The Chicago Syndicate: Former Las Vegas Strip Club Owner Compared to Tony "The Ant" Spilotro
The Mission Impossible Backpack

Thursday, February 28, 2008

Former Las Vegas Strip Club Owner Compared to Tony "The Ant" Spilotro

Federal prosecutors never got a chance to prove a criminal case tying former Crazy Horse Too owner Rick Rizzolo to the mob.

Before that could happen, Rizzolo pleaded guilty to tax evasion in 2006 and struck a deal to end a decadelong racketeering case against him. But that didn’t stop Stan Hunterton, a former prosecutor with the Justice Department’s Organized Crime Strike Force, from keeping allegations of Rizzolo’s underworld associations alive during a hearing in federal court Friday on the status of the government’s efforts to sell the topless club it had seized from the imprisoned Rizzolo.

“Not since the reign of Anthony Spilotro and his associates has there been a more infamous hoodlum than Rick Rizzolo,” Hunterton told U.S. District Judge Philip Pro as Rizzolo’s father, Bart Rizzolo, cringed in the first row of the courtroom gallery.

Spilotro, the basis for Joe Pesci’s character in the 1995 movie “Casino,” ran street rackets in Las Vegas for the Chicago mob from the early 1970s until his gangland slaying in a Chicago suburb in 1986. He was considered a coldblooded killer, and before his death he was the FBI’s most wanted man in Las Vegas.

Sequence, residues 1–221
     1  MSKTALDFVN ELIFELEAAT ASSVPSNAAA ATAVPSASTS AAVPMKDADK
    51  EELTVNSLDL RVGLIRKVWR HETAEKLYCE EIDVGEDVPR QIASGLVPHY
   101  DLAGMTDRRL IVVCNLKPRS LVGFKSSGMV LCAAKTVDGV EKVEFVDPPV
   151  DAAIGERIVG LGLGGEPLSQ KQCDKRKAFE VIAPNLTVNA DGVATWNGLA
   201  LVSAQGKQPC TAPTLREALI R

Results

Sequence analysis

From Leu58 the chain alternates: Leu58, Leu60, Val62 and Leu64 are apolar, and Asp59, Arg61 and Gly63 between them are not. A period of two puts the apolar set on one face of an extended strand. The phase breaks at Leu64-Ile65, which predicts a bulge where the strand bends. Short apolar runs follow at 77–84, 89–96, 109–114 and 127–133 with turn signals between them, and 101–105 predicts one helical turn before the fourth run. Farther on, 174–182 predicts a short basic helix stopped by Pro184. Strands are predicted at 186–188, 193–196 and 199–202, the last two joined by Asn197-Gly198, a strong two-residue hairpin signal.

Hunterton represents Amy Henry, the wife of Kirk Henry, a Kansas City-area man who suffered a broken neck and became paralyzed following a fight in 2001 at the Crazy Horse Too. As part of Rizzolo’s plea arrangement with the government, he agreed to pay the Henrys $10 million to settle a civil suit they had brought against the nightclub.

What Hunterton was doing in court was challenging an effort by Sierra Pacific Bank to foreclose on the land beneath the Crazy Horse Too. The bank wants the land as payment for a $5 million loan it extended to Rizzolo seven months before he struck his deal with the government. Hunterton wants to make sure the bank’s claim against the property won’t hurt the Henrys’ chances of getting paid once money comes in from the government’s sale of the Crazy Horse Too.

He raised the specter of mob connections while arguing that Sierra Pacific was negligent when it lent Rizzolo the $5 million when he was under the well-publicized racketeering investigation. Hunterton contends that bank officials either turned a blind eye to Rizzolo’s reputation or failed miserably in their due diligence obligations.

Hunterton told Pro he would drop his effort to push the bank’s claim aside if, as prosecutors reported in court, the government signs a contract this week to sell the Crazy Horse Too for $30 million to an undisclosed buyer. If that happens, there will be plenty of money for all of Rizzolo’s creditors.

After the hearing, however, Rizzolo’s lawyer, Mark Hafer, wasn’t very happy.

Hafer described Hunterton’s comments about his client as “somewhat slanderous” and “definitely a cheap shot.”

All Bart Rizzolo could do was shake his head in disgust.

Thanks to Jeff German

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